Fluorescent glows on other planets may reveal alien life
New technique promises to help scientists in the search for extraterrestrial life: observing the ultraviolet radiation emanating from red stars
When it comes to detecting life on other planets, there are many possible techniques and approaches. And now it looks like we have one more: analyzing the ultraviolet radiation coming from red stars.
But how would that work? Well, here on Earth this band of radiation is absorbed by some biofluorescent species, such as many plants and various species of biofluorescent fish and corals. And that glow can be captured by special filters.
So if on other planets there is also some kind of similar life, we could see the same way!
Of course, because of the distance, things wouldn’t be that easy, but scientists are excited about the new approach.
“This is a completely new way of looking for life in the universe; imagine an alien world glowing softly in a powerful telescope,” said Jack O’Malley-James, a researcher at the Carl Sagan Institute and lead author of the research published in the Monthly Notices of the Royal Astronomical Society.
Bioluminescence in plankton recorded in Puerto Rico. Credits: Colourbox / P. Grebenkin / disclosure
It is worth remembering that bioluminescence is one thing and biofluorescence is quite another:
Bioluminescence is the property of beings capable of emitting light by themselves, such as fireflies, for example, which capture harmful ultraviolet and emanate light visible to the naked eye;
Biofluorescence is the ability to absorb ultraviolet radiation from the Sun, transforming it into harmless wavelengths, generating a coloration invisible to the naked eye.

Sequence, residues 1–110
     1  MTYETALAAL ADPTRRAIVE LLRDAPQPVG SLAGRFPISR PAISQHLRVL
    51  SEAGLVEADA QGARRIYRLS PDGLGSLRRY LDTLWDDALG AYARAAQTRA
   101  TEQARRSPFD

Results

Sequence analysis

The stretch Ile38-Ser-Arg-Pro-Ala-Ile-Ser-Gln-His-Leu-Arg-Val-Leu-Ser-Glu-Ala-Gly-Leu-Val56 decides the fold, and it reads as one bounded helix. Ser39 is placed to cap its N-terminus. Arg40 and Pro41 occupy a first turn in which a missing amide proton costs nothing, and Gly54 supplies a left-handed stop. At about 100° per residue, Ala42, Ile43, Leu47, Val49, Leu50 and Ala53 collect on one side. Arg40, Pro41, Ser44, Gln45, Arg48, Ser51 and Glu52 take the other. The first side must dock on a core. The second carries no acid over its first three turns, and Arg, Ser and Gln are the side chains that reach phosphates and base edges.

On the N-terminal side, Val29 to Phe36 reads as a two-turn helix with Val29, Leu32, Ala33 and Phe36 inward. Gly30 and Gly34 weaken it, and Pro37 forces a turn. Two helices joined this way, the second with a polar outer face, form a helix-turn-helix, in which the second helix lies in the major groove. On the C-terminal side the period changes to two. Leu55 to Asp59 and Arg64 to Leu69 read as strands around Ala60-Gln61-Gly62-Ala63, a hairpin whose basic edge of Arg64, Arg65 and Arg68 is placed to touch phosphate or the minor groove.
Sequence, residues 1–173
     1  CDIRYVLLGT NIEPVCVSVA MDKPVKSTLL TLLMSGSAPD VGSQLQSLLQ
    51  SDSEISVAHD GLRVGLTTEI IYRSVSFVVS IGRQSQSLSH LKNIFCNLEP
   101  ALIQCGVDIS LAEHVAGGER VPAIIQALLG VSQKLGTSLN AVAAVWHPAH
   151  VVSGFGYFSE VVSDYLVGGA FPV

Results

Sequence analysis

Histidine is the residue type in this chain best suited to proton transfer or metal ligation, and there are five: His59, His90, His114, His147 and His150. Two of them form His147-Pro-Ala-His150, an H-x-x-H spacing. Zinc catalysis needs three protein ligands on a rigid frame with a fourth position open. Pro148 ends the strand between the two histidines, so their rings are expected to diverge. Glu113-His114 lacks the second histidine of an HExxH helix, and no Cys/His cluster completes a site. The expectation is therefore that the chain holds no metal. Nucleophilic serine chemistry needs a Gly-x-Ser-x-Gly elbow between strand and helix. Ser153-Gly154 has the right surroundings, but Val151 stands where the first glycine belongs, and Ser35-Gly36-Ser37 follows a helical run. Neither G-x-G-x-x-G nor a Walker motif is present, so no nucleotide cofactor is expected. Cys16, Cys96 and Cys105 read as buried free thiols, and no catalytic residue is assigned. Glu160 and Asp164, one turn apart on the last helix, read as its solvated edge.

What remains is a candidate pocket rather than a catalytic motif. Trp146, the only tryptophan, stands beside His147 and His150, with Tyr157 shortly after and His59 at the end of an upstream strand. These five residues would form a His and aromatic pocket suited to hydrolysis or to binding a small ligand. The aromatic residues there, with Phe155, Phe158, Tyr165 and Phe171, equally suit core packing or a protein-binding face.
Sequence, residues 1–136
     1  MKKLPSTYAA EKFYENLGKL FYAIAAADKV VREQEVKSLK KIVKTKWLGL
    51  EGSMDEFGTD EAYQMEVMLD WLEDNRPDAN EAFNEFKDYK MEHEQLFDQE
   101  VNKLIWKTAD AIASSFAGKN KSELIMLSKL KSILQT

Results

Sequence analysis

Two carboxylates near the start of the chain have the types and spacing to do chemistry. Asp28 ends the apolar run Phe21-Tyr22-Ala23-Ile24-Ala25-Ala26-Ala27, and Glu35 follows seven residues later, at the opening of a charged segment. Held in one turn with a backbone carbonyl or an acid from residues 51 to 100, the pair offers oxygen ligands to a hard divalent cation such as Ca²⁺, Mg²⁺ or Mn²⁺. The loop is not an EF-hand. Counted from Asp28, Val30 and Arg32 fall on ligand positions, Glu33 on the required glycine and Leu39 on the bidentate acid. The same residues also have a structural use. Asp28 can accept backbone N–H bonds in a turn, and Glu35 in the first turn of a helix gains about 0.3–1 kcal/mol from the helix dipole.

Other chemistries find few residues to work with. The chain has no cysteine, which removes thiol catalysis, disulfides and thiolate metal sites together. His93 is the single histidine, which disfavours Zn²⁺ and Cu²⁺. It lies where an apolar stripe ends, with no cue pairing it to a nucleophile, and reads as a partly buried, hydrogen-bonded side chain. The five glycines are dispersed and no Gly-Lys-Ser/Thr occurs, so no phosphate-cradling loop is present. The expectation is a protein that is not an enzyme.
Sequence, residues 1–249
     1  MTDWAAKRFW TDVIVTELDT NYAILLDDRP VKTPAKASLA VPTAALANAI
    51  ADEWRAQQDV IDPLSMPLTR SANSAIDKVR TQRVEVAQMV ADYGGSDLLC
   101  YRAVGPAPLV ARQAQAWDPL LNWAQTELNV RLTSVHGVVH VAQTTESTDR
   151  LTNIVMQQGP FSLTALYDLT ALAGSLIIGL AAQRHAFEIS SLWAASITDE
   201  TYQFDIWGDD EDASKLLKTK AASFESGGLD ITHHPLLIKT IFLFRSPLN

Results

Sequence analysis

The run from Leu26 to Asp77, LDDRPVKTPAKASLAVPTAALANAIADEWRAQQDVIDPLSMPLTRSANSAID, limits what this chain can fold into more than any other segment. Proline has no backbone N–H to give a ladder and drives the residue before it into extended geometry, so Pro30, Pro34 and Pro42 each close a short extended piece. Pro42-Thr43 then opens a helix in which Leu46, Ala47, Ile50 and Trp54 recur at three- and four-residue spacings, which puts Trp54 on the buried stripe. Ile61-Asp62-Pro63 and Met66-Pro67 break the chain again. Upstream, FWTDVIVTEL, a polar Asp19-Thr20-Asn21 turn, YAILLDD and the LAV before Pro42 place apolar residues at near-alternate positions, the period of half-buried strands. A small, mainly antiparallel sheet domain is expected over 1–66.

“Perhaps these life forms could also exist on other worlds,” said study co-author Lisa Kaltenegger, professor of astronomy and director of the Carl Sagan Institute.
The technique is based on the detection of biofluorescent organisms found on the seafloor by biologist David Gruber. He was able to record the glow of at least 180 species using underwater cameras with a yellow filter, which blocks blue light and reveals fluorescence.
Biofluorescence in corals recorded by David Gruber using a yellow filter, which blocks blue light and reveals fluorescence. Credits: David Gruber
“This biofluorescence can reveal hidden biospheres on new worlds through their temporary glow when a glare from a star hits the planet,” Kaltenegger said.
According to her, the process called photoprotective biofluorescence makes the absorbed ultraviolet rays in longer and defined wavelengths, leaving a specific signal for which astronomers can search.
To determine the parameters of the biofluorescent signal that they might encounter on other worlds, researchers used characteristics of fluorescent pigments from common Earth corals to create models of spectra and colors that can be investigated on planets that would be able to harbor life forms.
And with a new generation of telescopes we could detect exoplanets that contain this glow, if they really exist.
“It’s a big target for the next generation of large telescopes, which can pick up enough light from small planets to analyze them for signs of life,” added Kaltenegger.